Re:I've been misled! (1)

shird (566377) | more than 3 years ago | (#34468940)

woooooooosh

Re:I've been misled! (0)

Anonymous Coward | more than 3 years ago | (#34469050)

I know you are, but what am I?

Re:I've been misled! (0)

Anonymous Coward | more than 3 years ago | (#34468976)

palmed off on us, not pawned....

Detection (1)

adamdoyle (1665063) | more than 3 years ago | (#34468440)

Anyone know how they detect pirated copies?

Re:Detection (1)

Anonymous Coward | more than 3 years ago | (#34468456)

random number generator!

Re:Detection (1)

drunkennewfiemidget (712572) | more than 3 years ago | (#34468468)

Yea, the pirates who inevitably beat it.

Re:Detection (2)

Enderandrew (866215) | more than 3 years ago | (#34468506)

I'm assuming they intentionally leaked the bugged game to torrent sites, etc.

Re:Detection (2)

adamdoyle (1665063) | more than 3 years ago | (#34468580)

I'm assuming they intentionally leaked the bugged game to torrent sites, etc.

But that wouldn't be "detection"... (then again it wouldn't exactly be a surprise for a slashdot summary to use a wrong word)

Re:Detection (2)

zippthorne (748122) | more than 3 years ago | (#34468900)

And it doesn't need to be. Of course, they can't prosecute anyone who "pirates" the freely disseminated version, but then.. maybe they don't want to prosecute people who obviously like their product and therefore might become customers with a small nudge, and if they displace real pirated copies, then they cut down on piracy either way, although the recipients might still think their copies are, in fact, pirated.

Re:Detection (1)

mysidia (191772) | more than 3 years ago | (#34469114)

I'm assuming they intentionally leaked the bugged game to torrent sites, etc.

If they intentionally released it to bittorrent, then (by definition) it is not pirated or illegal, but a buggy legal version of the software. Of course the developers of the software have the right to distribute it (even buggy versions) of it, so any version distributed by them is non-pirated, if downloaded from the BT location they uploaded to

Re:Detection (4, Informative)

plover (150551) | more than 3 years ago | (#34468630)

The same way they always have for the last 30 years. Bury some code that's supposed to toggle some hardware effect in the cartridge or media, check for the side effect, then crap out if it fails.

Another way is just using attributes of the cartridges against pirates. Copies are often made on read-write media, but legitimate cartridges are read-only. So you have legitimate executable code that says "DO_MUSIC: call PLAY_MUSIC", and you add a statement that says "write to address DO_MUSIC 'call PLAY_VUVUZELA'". A legitimate cartridge can't overwrite the ROM, so it fails, and the call to PLAY_MUSIC remains in place. But on a rewritable cartridge it does overwrite it and zzzzzzzzzzzzzz happens.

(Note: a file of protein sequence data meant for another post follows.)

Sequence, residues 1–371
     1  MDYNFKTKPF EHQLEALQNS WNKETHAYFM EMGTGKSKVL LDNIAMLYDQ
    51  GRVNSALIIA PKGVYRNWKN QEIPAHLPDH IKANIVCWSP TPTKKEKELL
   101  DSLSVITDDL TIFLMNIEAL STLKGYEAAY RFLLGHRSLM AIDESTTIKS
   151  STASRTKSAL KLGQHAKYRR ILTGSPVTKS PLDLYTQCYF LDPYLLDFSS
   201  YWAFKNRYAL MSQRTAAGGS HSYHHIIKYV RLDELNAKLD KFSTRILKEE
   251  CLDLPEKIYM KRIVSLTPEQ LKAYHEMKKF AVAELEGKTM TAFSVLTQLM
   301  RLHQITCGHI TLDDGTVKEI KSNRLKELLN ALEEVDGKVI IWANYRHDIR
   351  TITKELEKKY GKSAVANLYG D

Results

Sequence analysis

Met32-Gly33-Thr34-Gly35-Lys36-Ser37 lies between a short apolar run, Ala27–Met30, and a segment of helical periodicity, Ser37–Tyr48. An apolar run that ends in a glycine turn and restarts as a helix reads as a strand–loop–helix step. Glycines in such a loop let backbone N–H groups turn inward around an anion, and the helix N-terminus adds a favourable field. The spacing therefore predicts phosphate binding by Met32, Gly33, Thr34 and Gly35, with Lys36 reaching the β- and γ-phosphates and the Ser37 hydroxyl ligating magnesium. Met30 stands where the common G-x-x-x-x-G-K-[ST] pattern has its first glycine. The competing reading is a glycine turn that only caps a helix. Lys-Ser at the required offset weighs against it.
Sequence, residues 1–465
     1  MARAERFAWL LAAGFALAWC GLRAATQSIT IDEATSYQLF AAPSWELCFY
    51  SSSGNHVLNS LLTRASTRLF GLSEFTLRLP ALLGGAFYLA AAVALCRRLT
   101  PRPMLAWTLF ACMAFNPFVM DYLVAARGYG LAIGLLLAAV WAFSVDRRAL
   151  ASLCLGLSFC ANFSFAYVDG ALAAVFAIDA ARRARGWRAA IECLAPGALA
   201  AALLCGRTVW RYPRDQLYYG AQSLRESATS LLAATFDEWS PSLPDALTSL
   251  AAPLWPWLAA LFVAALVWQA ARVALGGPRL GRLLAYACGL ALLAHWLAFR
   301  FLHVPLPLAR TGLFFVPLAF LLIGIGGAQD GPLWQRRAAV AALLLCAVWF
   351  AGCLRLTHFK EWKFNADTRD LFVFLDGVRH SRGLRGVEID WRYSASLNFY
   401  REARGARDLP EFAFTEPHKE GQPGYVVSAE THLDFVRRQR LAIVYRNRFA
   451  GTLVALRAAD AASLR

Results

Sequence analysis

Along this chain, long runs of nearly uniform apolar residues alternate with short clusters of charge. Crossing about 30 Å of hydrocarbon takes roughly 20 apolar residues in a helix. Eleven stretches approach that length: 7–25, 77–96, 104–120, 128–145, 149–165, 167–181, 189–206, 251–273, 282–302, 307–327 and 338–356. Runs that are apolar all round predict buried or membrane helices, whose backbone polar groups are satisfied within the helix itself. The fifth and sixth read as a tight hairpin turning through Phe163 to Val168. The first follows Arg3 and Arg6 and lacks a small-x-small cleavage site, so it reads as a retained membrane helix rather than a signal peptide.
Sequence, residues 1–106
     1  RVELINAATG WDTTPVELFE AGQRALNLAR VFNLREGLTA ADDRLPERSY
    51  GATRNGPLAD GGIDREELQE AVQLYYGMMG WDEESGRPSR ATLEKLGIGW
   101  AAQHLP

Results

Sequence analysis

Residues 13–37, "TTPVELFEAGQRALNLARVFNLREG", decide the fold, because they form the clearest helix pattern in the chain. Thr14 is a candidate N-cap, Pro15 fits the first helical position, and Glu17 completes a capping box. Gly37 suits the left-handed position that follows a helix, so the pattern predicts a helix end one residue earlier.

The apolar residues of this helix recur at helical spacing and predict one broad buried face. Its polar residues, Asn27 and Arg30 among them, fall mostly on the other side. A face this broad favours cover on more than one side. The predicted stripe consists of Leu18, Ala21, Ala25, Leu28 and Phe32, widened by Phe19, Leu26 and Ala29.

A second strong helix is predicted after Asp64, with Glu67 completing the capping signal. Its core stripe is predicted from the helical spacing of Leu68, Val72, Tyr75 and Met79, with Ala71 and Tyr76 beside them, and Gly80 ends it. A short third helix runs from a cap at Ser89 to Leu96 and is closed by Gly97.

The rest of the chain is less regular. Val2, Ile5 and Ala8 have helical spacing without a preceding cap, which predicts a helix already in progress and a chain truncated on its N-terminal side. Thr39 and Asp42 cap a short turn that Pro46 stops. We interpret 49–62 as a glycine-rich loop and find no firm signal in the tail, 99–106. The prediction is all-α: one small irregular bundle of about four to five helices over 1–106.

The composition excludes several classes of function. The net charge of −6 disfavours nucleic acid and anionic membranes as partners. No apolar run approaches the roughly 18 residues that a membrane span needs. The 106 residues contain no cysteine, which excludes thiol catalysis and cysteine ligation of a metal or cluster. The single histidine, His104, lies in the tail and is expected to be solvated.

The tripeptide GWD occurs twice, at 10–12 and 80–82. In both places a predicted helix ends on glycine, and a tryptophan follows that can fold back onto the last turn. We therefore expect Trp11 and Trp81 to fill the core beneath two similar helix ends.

Re:Detection (0)

Anonymous Coward | more than 3 years ago | (#34468854)

"write to address DO_MUSIC 'call PLAY_VUVUZELA'". A legitimate cartridge can't overwrite the ROM, so it fails

and pirates will fix by chmod -w...

Re:Detection (2)

drinkypoo (153816) | more than 3 years ago | (#34469118)

The cards emulate the game card and they don't permit writing from the console side. I have an Acekard for my DS so that I don't have to carry carts or my mp3 player while I am using the DS.

Re:Detection (1)

Hatta (162192) | more than 3 years ago | (#34469326)

The flash carts do allow writing to the SD card from the DS. There's homebrew that does it. That probably doesn't hold up for whatever memory space they're using to load the ROMs from though. In any case, this will be worked around with a ROM patch in no time.

Re:Detection (1)

DynamoJoe (879038) | more than 3 years ago | (#34468648)

I don't think there's any detection going on. These are intentionally damaged copies and they released them anonymously. They just have to upload their damaged version to popular sites and watch them get spread far and wide before someone figures out it's b0rked. For example, if it takes someone all the way to the end of Arkham Asylum to figure out it's broken, that's easily a few days before someone raises the flag. The more the bad copy spreads, the faster it chokes out legitimately pirated versions (shut up, you know what I mean). Also, the developer has extracted a revenge that would otherwise be unlikely or even impossible: imagine a gamer who just can't beat that last damn level no matter what, and after a few hours googles the solution only to find the bitter truth. Served cold, indeed.
Another consideration is that there are no lawsuits! The pirate's "punishment" is to have (been) played (by) the game! I can get behind this as an antipiracy strategy.

Re:Detection (4, Informative)

vux984 (928602) | more than 3 years ago | (#34468662)

Copy protection is generally a module that's linked into the system, gets called at start up, does some validation / checksumming / decryption etc. Crackers tend to attack the validation so that it returns 'all good' even when its not. Or they wait until the relevant bits are decrypted and then copy those in and bypass the validation/decryption entirely. ... its more complicated than that, but that's sort of the gist of it.

Crackers attack the copy protection, and then once its defeated release the cracks/cracked copies.

This piracy detection is essentially a separate redundant anti-piracy module, with the same sort of detection/validation stuff as the primary one. However it doesn't get activated at start up. It gets activated later, sometimes much later,and instead of throwing up a "not a valid copy" it instead modifies the game rules or parameters slightly.

The idea is that the crackers won't find it. They are attacking the primary copy protection which inevitibaly falls... but often they are only interested in cracking the game, and being the releaser; they often aren't actually all that interested in playing the game itself. So once the protection appears defeated and they appear to be able to play the game they release.